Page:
I’ve written often about the interface of faith (God) and science. This is a summary of a conversation I had recently with a young woman who was struggling with this, seeing it as an “either/or” conflict.
Like many, this mid-twenties woman has a very strong interest in the sciences. She is a data analyst by training and profession. We’d had several conversations on this “conflict” and she was struggling. She’d been brought up in a strong Christian family but had moved away from her faith when she went to college. As she explained it to me, there were two reasons for this.
1: Her friends at school were not believers and she was led into things “ungodly” in order to associate with them. No drugs, promiscuity or heavy drinking. She’d just found the pleasures of “worldly living” and association with her classmates.
2: As she’d undertaken her studies, she tried to use what she was learning in school to “prove” the existence of God. As I learned personally, this is an impossible mission.
I was visiting her workplace on another matter and we had a few minutes to talk in her assigned work area. She told me that she was troubled, deeply troubled by her inability to reconcile her issues with God and science.
In her work area, there was a glass door that separated the servers and all that wonderous computer equipment from the very busy, crowded work area. On every desk was a keyboard and computer monitor. I took her to the door, having her place her back to the door.
“Tell me what you see” I asked her.
“Lots of people, busy, noisy, trying to get their work done.”
“How are they doing that? Getting their work done?”
“Well, they’re using the programs on the servers and the information from the field to design new programs and to analyze data.”
I had her turn around and look through the door. “Now, what do you see?”
“Those are the servers, the backbone of what we are working on. They hold all the programs and data we need to get our work done. They do the processing of the things we enter at our work stations.”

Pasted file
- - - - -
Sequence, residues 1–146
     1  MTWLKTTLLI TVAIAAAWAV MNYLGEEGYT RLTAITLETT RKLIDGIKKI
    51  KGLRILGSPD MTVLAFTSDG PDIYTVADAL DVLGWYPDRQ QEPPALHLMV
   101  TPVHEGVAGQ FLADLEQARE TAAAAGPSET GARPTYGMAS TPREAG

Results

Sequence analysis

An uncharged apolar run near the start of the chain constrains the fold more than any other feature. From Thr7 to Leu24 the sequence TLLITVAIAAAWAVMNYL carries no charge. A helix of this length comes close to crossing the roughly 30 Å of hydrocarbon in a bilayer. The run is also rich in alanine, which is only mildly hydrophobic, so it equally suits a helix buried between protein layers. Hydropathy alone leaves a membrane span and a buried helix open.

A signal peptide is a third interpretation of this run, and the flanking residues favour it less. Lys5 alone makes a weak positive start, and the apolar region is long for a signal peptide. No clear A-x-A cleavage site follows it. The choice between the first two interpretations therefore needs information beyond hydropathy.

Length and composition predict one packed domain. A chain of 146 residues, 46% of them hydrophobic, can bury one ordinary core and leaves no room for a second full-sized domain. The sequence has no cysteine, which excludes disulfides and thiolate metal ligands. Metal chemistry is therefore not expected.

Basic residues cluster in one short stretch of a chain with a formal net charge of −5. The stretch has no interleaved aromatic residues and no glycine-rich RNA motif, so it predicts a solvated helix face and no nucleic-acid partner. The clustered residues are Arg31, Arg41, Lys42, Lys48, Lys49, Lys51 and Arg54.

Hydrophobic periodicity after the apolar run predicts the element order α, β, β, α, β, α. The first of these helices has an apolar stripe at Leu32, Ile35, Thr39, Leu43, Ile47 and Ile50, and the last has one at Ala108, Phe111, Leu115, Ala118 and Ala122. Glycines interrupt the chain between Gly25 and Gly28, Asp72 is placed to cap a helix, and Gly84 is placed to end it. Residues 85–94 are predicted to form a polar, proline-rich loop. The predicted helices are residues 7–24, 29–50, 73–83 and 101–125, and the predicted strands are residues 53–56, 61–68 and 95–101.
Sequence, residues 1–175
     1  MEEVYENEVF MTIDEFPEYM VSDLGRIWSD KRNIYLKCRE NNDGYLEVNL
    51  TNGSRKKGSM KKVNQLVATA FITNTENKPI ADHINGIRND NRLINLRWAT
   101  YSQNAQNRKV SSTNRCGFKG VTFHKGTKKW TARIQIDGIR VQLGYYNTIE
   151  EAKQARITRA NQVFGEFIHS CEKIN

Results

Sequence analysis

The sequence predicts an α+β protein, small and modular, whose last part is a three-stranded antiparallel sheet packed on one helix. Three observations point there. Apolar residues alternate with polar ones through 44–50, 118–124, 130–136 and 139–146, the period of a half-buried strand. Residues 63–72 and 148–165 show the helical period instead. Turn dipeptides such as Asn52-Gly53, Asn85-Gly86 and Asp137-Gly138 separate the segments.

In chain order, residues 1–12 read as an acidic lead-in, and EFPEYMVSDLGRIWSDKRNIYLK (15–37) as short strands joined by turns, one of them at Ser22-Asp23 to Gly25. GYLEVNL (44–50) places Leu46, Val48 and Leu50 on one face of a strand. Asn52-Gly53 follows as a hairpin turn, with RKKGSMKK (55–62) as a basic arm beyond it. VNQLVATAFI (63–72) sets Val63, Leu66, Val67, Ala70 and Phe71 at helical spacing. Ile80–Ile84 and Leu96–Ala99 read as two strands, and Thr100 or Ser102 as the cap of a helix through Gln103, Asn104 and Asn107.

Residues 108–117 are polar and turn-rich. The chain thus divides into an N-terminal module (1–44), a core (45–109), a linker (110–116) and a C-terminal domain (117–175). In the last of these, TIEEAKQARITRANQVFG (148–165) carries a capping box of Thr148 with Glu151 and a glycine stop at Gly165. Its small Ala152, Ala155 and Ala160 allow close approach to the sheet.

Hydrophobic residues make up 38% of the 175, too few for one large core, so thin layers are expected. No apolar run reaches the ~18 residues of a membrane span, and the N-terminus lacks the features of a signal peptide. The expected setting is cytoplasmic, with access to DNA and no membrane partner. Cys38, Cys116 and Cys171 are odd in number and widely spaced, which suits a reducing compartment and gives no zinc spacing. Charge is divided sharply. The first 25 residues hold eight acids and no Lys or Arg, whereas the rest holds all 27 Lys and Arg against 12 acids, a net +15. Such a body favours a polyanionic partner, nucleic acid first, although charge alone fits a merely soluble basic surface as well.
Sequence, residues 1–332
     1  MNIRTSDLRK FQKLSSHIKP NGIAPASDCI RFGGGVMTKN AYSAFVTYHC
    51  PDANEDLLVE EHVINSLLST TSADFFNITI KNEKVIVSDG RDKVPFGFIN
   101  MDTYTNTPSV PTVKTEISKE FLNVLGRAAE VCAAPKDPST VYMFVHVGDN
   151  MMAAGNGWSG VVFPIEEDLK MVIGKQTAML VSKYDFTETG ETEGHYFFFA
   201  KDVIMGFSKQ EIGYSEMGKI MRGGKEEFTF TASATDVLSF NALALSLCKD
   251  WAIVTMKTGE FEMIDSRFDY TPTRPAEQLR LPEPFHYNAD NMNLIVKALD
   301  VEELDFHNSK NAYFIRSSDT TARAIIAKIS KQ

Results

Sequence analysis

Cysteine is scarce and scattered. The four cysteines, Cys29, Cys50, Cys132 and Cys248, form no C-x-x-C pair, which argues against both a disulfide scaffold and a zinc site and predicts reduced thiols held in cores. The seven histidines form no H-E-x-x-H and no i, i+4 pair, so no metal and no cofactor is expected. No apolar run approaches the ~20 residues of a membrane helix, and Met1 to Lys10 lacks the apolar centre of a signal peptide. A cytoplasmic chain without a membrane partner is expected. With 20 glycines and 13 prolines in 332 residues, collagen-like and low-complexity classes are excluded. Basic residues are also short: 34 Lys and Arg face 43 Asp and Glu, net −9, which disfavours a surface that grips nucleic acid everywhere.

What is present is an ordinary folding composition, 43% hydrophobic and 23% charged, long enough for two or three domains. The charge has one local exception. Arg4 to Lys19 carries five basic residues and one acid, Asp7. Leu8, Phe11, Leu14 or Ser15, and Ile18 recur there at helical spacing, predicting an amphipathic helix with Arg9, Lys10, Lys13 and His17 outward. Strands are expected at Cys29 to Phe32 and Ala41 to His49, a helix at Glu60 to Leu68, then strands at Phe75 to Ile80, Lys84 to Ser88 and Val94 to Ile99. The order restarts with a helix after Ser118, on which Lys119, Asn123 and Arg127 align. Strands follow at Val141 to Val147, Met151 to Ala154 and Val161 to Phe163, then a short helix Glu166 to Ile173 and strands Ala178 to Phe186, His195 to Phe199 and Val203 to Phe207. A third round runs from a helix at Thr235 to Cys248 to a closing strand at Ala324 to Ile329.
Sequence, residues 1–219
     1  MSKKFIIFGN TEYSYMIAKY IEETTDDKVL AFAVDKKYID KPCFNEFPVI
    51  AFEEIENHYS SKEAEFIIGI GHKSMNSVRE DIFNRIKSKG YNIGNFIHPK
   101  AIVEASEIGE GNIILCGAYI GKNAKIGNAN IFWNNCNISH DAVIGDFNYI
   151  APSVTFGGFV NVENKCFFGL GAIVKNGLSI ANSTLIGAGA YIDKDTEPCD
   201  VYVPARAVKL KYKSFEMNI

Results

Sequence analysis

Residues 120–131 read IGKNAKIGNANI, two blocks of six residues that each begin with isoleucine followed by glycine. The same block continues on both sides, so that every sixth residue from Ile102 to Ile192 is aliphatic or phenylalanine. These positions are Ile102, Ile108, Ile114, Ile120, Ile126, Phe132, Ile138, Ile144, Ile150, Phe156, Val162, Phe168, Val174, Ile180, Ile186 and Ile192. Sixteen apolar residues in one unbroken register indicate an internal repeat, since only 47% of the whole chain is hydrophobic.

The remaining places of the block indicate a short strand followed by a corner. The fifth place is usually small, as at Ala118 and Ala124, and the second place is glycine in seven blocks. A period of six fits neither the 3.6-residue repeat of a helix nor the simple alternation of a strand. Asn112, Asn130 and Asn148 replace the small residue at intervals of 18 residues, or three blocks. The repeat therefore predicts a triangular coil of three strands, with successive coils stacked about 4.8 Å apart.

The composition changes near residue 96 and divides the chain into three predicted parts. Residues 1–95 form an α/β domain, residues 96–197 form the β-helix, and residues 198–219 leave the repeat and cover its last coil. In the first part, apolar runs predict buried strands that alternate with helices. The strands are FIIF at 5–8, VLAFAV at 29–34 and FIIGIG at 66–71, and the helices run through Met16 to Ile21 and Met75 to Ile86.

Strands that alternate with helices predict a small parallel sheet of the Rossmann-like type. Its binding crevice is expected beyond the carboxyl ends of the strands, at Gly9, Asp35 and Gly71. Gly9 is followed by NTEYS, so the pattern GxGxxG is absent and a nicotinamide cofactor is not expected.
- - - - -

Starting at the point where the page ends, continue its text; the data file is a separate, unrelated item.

“Where’d they come from?”
“I have no idea. Dell, I guess.”
“Do you know how they work?”
“Well, sort of. I know how to program them. I know how to use them to analyze information.”
“But do you know the mechanics of how they work?”
“Nope! Haven’t a clue” she laughed.
We turned back around and looked over the crowded, busy room. “OK, so you have a fairly good grasp on what happens out here. Let’s call that the “science” of what you are struggling with.”
We stepped through the door into the chilled “computer room.” The room was very quiet given how much stuff was in there and all that had to be happening in those machines. Lights blinking, a steady electronic hum. It was obvious that a lot was going on in that room, most of it mysterious to both of us. I had her look out through the door at the busy work room. “What do you see?”
“The same thing I saw before.” Her expression was one of puzzlement.
“What do you hear?”
“Just the equipment running. It’s really pretty quiet in here. I hadn’t noticed the difference before.”
We turned again. “Now what do you see and hear?”
“What I told you before.” She was obviously becoming a bit exasperated with me by now.
“And what do the servers do again?” I asked.
She went though a rather long explanation of how the servers held all the programs and the mechanics that made the work going on outside that room possible.
“OK, you know what you are doing out there, right?” I asked pointing over my shoulder.
“Yep, and I’m good at it.”
“How do you know then that what’s happening in here will work?”
She paused and looked at me for a moment, then smiled. “I must have faith that they will. I have to believe.”
“Bingo” I said. “In your struggle, you’ve been looking at things through the wrong side of the door. You’ve been trying to define how these servers work by the products and results they produce. Instead, for your quest, you need to understand your data and how it comes together by having faith in how these machines, which you admit you don’t understand, work. You’ve been looking in the wrong direction to find your answers.”
Well, she wasn’t fully convinced, but I could see the old gears a turning’. I talked again with her last night. “I think I’m starting to get it” she said. “I’m not there quite yet, but it’s beginning to come together.”
As we examine the huge questions raised by the interface of science and faith (God), we have to be sure we are looking in the right direction.
Alive in The Word